Heroic Reformer Theory Fails

Yesterday’s defeat of Adrian Fenty in DC and the likely ouster of heroic school reform superintendent, Michelle Rhee, should remind all of us of the very real limits of the heroic reformer theory of school reform.  That theory holds that we just need to place the right people in positions of power in the school system and then support their heroic efforts with supplemental funding and political support.

The main problem with maintaining centralized government control over schooling and just changing who controls that centralized system is that the forces of the status quo have enormous incentives and even stronger ability to recapture control even if they temporarily lose it.

Rhee was probably pushing for the many good reforms, but the more she pushed for them the more incentive the edublob had to win the next election, remove her from office, and undo her efforts.  And eventually they did.

Happily, DC is also decentralizing control over the school system, especially with its large and growing charter sector.  Whoever is in charge of the  DC public school district, that person will be in charge of a shrinking organization.  The right way to reform DC is to make it easy for everyone who wants to leave a failing school to do so.  That can’t be as easily reversed as changing the person who is charge of a centralized system.

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12 Responses to Heroic Reformer Theory Fails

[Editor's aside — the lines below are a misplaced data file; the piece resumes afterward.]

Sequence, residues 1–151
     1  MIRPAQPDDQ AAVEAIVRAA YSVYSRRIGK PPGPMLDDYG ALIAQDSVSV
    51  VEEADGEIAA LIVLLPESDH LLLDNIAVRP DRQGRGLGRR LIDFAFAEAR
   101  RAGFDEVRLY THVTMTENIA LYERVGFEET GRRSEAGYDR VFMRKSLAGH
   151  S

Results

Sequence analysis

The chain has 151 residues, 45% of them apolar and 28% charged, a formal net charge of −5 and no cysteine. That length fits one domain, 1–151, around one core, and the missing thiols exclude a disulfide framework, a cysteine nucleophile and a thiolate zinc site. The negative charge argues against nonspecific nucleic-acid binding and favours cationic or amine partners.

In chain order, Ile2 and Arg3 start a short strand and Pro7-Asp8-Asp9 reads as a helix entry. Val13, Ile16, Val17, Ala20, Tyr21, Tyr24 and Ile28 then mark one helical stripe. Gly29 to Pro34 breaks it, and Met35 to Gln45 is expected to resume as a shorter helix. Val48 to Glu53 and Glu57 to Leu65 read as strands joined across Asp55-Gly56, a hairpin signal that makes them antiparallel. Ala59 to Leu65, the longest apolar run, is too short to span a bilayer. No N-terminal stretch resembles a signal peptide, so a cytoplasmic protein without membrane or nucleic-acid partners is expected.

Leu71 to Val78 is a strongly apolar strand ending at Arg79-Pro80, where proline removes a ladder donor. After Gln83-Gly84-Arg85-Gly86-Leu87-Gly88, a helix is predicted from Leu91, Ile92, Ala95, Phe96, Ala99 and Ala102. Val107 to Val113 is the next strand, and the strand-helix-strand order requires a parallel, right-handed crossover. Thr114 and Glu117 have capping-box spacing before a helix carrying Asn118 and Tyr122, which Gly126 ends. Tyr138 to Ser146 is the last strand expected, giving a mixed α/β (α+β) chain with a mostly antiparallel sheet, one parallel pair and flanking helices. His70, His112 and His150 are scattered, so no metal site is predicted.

1. [...] D.C. Mayor Fenty’s loss shows the flaws of the “heroic reformer” theory of change. (Jay Greene) [...]

  2. allen says:

    So Jay, what’s a policy that handles the dissolution of a school district look like? What happens to the taxing authority and, most especially, those tasty tax revenues?

  3. The taxes don’t go away. They just get allocated to students on a per pupil basis to direct to charter schools. Charters are just really small school districts. The state will allocate money to them on a per pupil basis just as it currently does to traditional districts, which will become smaller and smaller over time.

  4. allen says:

    I know what a charter school is, Jay and I know pretty much how they’re funded. The question is, what happens when a school district, like say the Detroit Public Schools district sees a greater and greater percentage of its student population going to charters?

    Over 30% of prospective DPS kids go to charters now. *When* the charter cap is loosened that number will go higher since the DPS is as execrable as it’s always been and doesn’t look to change any time soon. At what point is the towel thrown in? At what level of utilization does it become clear that the school district ought to have it’s doors shut?

    Charters are going to continue to open and they’ll prosper at the cost of whatever public education organizations exist in the area. The primary candidate for the role of providing students to charters are the extant school districts.

    The question that’s staring us in the face, and that ought to be addressed by folks with the right background, is what to do when it becomes clear that a school district is no longer worth keeping open? How long should the DPS be kept open? When 50% of the kids go to charters? 70%?

    This is where we’re heading so some thought ought to be given to the proper handling of the questions that will arise.

  5. Patrick says:

    Perhaps when the public realizes we really don’t need a centralized bureaucracy to control education when we the people (or the parents) dictates the spending and what schools are funded.

  6. Parry says:

    Here’s an honest question (and by honest I mean that I don’t think I know the answer, and I don’t have an agenda in asking the question):